If you hire an Internet Service Provider (ISP,) you are supposed to put your trust in their hands to offer you the best possible speeds and performance while browsing the web and performing other activities, such as playing online games, gambling, streaming, torrenting, and others.
However, some ISPs throttle their users’ connection on purpose for a variety of reasons. Sometimes, they need to control the amount of data available in specific hours, while other times they “punish” the people that perform the most data-intensive tasks, such as online streaming.
ISP throttling is, sadly, a widespread occurrence these days, and a very distasteful way of controlling which sites the userbase access. After all, if a person tries to open Netflix to stream a movie and it sees a lot of buffering, it will probably decide against completing the activity.
Verizon: A Net Neutrality-violating company
One of the companies known for applying speed throttling to its users is Verizon. It is a US-based multinational telecommunications conglomerate that, along with Comcast, has been actively lobbying for changes in the FCC’s regulations that require ISPs to offer all content at one internet speed regardless of the type. Both companies have admitted to throttling content.
Before the voting occurred in 2017 (violating the Net Neutrality,) Verizon was caught slowing down their users’ speeds while using specific services: Netflix and Youtube are the most notable, while Kodi users also reported the issue, and although Verizon promised not to do it, nothing happened.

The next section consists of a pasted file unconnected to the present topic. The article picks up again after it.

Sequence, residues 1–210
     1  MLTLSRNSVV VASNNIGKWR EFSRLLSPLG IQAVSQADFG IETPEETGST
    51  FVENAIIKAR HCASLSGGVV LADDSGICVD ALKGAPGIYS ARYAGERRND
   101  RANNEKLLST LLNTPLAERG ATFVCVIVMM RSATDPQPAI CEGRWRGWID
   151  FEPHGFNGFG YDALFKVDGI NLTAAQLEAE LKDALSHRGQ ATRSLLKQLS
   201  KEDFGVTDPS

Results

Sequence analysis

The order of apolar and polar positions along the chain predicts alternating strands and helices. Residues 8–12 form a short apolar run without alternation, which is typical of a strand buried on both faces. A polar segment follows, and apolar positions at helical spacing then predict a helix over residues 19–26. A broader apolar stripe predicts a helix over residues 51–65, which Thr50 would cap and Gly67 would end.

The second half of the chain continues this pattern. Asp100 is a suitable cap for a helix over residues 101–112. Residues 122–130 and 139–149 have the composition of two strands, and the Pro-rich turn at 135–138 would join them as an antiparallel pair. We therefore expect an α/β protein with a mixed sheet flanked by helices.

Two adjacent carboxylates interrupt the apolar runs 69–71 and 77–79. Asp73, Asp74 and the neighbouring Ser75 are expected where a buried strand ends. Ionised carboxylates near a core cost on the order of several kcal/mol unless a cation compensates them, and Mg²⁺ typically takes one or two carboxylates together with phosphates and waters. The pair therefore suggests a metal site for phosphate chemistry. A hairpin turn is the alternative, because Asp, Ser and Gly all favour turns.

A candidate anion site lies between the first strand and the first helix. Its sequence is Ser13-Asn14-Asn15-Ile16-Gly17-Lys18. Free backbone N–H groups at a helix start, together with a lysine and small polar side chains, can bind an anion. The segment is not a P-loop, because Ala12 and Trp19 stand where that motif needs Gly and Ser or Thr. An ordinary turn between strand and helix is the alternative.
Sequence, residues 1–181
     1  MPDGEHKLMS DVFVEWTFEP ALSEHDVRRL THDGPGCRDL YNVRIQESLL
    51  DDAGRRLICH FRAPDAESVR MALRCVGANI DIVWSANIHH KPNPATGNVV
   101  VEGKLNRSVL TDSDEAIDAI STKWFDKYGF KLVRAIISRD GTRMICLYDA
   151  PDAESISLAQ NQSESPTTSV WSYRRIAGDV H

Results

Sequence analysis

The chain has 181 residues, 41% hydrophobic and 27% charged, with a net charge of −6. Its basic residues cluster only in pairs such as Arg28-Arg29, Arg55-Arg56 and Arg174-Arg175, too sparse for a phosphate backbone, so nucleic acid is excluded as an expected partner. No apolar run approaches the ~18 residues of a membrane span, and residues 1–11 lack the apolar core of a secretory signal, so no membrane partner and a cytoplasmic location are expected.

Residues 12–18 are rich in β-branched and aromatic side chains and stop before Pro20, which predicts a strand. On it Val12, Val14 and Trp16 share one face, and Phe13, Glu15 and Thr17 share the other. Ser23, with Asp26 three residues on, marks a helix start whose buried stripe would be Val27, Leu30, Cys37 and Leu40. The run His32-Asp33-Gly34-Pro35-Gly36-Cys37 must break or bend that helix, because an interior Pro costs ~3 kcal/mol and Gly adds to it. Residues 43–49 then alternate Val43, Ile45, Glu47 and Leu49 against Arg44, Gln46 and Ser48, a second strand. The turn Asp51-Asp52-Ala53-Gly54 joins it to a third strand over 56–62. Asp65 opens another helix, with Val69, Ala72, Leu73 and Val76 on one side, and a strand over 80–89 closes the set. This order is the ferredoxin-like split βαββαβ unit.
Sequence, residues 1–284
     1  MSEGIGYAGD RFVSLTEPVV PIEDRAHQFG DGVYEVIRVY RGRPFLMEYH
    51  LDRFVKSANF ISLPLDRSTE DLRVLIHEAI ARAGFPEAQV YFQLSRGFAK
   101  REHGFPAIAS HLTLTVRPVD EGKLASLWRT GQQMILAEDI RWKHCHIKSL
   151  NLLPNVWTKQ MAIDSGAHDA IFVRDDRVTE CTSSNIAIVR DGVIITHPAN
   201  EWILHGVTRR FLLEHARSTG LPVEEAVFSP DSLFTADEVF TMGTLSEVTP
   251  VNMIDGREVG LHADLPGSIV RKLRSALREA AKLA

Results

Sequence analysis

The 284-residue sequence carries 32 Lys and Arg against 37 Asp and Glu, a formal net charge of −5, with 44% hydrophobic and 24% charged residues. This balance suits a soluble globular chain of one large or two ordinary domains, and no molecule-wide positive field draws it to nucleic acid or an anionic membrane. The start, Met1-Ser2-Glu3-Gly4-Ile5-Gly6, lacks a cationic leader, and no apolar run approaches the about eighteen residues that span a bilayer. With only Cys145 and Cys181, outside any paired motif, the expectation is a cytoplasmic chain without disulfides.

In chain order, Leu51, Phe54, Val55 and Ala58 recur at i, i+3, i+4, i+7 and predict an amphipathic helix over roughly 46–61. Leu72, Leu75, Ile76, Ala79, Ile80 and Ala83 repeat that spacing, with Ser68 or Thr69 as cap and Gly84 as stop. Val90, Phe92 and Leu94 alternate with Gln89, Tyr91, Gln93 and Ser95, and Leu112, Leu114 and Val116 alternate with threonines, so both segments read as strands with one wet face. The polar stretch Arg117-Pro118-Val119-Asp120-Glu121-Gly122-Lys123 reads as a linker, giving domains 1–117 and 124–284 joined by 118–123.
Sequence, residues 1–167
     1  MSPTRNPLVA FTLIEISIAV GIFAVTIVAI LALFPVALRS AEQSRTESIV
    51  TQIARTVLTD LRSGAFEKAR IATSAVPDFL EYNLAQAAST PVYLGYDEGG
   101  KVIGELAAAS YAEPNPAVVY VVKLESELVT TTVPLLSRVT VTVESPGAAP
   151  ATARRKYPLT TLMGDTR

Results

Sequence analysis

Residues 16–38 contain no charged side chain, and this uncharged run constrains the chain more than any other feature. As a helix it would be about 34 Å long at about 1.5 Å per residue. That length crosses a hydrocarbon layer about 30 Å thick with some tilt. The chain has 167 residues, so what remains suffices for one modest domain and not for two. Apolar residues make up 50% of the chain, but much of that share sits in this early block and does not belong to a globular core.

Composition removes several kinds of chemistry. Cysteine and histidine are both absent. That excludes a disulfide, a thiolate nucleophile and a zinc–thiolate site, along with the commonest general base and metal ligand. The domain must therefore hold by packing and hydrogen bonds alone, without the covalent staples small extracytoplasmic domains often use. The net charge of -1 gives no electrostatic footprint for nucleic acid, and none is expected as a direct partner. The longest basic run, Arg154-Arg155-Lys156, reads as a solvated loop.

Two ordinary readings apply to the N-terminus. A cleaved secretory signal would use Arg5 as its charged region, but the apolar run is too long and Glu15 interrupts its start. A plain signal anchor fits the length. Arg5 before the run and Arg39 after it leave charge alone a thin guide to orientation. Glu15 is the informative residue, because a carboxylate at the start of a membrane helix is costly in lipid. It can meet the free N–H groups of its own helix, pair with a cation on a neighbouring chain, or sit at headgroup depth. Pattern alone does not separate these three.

ISPs throttle bandwidth for a variety of reasons. Among them are:
- Pressure from the government, as some websites are deemed immoral or sensitive. The cases of Iran and the United Arab Emirates are perfect examples
- Discouraging people from visiting specific sites, services or apps. For instance, Comcast didn’t want people to use the BitTorrent protocol, and Verizon is known for slowing down speeds for Youtube and Netflix use, which are known, competitors
- The user exceeded the monthly data limit when it comes to bandwidth. At that moment, the provider may choose to throttle the user’s speed or stop offering the service altogether until the next payment
- Avoiding DDoS attacks
- Specific traffic optimization
- Bandwidth management on the ISP part, most notably during peak hours. Some ISPs don’t always have all the bandwidth users want or need at all times, and often find themselves needing to “cut down” traffic allowance somewhat
Internet throttling and the law
You may ask yourself: is ISP throttling even legal? The answer depends on the country you live. For example, the United States disallowed the activity thanks to the Comcast-BitTorrent scandal in 2007.
However, the regulation was recently reverted, and ISPs can go back to throttling their users’ connection because the FCC canceled Net Neutrality laws.
Avoid Verizon’s throttling with a VPN
Virtual Private Networks (VPNs) are data encryption and protection measures that not only hide your traffic but also mask your real IP address and lend you a new one for temporary use at the location of your request.